Difference Patterson map

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An application of Patterson methods for solution of crystal structures, typically proteins with heavy-atom derivatives, where the Patterson function is calculated using structure-factor coefficients based on the difference between the heavy-atom derivative and the native molecule.


Patterson methods for determining diffraction phases depend on the symmetries of interatomic vectors that show up as peaks in a three-dimensional map of the Patterson function. For small molecules containing a heavy atom, the heavy-atom positions can be determined directly from the Patterson function calculated using measured structure-factor amplitudes. For proteins, there are too few heavy atoms for this approach to be successful. However, if an isomorphous derivative crystal is available (i.e. one whose symmetry and dimensions and contents, with the exception of heavy-atom addition, are minimally changed), a Patterson map of derivative (FPH) minus native (FP) structure factors will be dominated by the vectors between the heavy atoms, and thus allow a solution of the coordinates of the heavy atoms.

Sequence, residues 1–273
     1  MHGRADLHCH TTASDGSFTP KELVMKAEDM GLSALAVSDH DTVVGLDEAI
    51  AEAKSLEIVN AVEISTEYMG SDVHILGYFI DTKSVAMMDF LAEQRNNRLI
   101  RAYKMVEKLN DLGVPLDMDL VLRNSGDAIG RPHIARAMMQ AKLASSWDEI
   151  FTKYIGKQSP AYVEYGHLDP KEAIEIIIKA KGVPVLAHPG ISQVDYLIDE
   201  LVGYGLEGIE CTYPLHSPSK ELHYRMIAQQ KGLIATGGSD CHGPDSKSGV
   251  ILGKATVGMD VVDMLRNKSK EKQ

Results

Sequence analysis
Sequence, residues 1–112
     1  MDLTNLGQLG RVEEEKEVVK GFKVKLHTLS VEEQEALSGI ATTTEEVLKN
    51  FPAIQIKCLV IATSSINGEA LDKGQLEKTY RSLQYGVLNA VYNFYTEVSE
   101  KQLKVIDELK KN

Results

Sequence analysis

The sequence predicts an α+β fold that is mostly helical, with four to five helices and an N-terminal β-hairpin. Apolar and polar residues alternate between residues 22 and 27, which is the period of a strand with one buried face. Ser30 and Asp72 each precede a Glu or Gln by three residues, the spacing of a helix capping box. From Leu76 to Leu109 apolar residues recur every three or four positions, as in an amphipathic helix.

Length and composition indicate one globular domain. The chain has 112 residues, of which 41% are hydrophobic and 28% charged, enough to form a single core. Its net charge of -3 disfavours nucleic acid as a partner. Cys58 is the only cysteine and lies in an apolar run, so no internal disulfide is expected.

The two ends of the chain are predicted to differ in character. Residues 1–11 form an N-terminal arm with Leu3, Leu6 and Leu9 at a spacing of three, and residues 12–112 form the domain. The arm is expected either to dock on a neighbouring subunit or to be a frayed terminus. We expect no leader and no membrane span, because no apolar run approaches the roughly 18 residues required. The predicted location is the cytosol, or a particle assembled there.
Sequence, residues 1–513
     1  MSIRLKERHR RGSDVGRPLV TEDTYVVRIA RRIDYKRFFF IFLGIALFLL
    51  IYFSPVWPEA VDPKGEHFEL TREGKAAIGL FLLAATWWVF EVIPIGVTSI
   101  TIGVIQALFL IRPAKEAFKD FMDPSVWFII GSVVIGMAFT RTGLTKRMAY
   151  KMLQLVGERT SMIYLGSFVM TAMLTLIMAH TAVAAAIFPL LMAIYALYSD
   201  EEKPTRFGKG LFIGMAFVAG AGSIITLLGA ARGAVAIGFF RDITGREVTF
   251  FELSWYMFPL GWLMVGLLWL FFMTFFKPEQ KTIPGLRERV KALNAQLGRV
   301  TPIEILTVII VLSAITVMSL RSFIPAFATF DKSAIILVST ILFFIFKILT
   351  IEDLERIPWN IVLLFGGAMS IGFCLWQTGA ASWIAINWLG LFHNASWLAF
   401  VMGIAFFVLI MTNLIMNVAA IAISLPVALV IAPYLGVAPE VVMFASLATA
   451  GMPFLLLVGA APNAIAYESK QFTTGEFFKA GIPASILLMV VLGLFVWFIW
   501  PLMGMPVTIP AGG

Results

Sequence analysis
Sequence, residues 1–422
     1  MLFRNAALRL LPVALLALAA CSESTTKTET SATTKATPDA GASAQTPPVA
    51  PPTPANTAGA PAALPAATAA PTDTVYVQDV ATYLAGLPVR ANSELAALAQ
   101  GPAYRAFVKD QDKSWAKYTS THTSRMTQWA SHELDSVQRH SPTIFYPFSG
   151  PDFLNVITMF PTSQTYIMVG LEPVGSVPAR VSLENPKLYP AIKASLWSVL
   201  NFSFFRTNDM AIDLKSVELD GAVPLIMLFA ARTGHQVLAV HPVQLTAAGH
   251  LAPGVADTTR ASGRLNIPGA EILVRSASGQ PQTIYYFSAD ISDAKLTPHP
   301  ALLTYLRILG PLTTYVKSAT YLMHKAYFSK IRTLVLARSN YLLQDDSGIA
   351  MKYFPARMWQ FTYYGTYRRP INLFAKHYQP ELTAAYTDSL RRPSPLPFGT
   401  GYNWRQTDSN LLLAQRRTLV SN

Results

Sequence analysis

A true difference Patterson function, representing the difference between the Patterson of the derivative minus the Patterson of the native protein, should be calculated using as coefficients |F^2_{PH} - F^2_P|.

In practice, protein crystallographers normally calculate a modulus difference-squared synthesis, also known as an isomorphous difference Patterson, using coefficients ( | FPH | − | FP | )2.

See also

  • Patterson and molecular-replacement techniques, and the use of noncrystallographic symmetry in phasing. L. Tong, M. G. Rossmann and E. Arnold. International Tables for Crystallography (2008). Vol. B, ch. 2.3, pp. 244-281